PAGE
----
For the Conservatives, though, only one policy was recalled by more than a fifth of voters: the changes to care funding (or, to use the more negative term used by many respondents, the “dementia tax”). The one cut-through promise from the Tory manifesto was both unpopular and complicated, a stark comparison to the more straight-forward and popular pledges made by Labour.

The other Tory proposals that were noted by the public did not achieve a great amount of recall. Policies around going ahead with Brexit was remembered by 12%, while means-testing the Winter Fuel Allowance was acknowledged by one in ten (10%).

It is worth noting that even when people do recall policies, they are not necessarily what they base their vote on. Ballot box behaviour is much more about the broader perceptions of the parties, such as what it stands for, its leaders and their perceived competence. Here too, however, there seems to be clear evidence of damage that the Conservative manifesto caused the party.

Before the manifesto were published, 45% of people thought the Conservatives had plenty of policies, with 35% thinking they were well thought-through, while 38% believed they weren’t. But following the manifesto launch, only 19% thought the party’s policies were well thought-through, while over half (54%) did not.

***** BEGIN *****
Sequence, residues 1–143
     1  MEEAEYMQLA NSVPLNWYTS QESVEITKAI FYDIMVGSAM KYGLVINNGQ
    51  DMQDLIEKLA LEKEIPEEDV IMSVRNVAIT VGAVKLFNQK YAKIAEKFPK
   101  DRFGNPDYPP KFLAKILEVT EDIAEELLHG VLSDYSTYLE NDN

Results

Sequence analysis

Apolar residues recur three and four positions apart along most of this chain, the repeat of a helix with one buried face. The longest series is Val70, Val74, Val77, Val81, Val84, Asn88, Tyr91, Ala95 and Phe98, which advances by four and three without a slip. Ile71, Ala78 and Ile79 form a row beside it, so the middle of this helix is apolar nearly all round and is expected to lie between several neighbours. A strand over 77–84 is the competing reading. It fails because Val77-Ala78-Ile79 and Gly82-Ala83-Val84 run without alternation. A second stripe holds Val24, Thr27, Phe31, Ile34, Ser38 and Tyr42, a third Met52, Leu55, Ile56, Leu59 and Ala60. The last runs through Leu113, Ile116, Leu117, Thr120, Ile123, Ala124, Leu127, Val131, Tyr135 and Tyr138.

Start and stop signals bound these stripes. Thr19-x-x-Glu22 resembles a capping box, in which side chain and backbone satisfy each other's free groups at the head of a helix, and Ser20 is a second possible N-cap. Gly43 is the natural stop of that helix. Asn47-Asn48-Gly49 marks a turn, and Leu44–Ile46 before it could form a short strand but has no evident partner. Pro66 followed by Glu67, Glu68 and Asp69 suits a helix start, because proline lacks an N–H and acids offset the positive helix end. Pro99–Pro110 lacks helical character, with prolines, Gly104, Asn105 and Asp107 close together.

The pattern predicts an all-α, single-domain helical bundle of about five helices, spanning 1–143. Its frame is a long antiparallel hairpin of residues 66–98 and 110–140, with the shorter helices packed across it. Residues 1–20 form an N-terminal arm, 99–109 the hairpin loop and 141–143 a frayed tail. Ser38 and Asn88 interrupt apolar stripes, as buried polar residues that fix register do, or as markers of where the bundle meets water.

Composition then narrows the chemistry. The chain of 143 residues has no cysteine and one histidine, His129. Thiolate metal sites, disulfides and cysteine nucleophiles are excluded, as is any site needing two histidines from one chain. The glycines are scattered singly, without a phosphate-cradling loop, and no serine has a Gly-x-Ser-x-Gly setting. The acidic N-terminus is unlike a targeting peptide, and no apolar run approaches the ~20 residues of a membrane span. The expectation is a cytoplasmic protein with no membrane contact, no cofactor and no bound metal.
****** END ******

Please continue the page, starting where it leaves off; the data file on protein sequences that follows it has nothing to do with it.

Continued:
For Labour, the traffic went the other way. Before its manifesto launch only 25% of people thought the party had well-thought through policies, but following publication, this figure rose to 31%.

Given a key plank of the Conservative party’s offering to the country is the claim that it is the strong and steady party of competence, the notable drop in the proportion of people thinking they have well thought-through policies for the country should be worrying. But there are still two weeks until poling day so there is time enough for this to change.

My advice to Labour is that Labour should try and ensure that the rest of the campaign is fought on policy and not personality nor the back stories of Labour’s front bench.



The size of her majority will determine the sort of PM Theresa May can be and what sort of Brexit and other radicalism we might see, or not see from her

Sunday, May 28th, 2017

Shortly there will be an election, in which the Tories will win a majority

Despite all the light and heat generated with recent polling, I still expect the Tories to win a majority, unless Nick Timothy decides to add another Nimitz class sized barnacle to the Tory boat between now and June 8th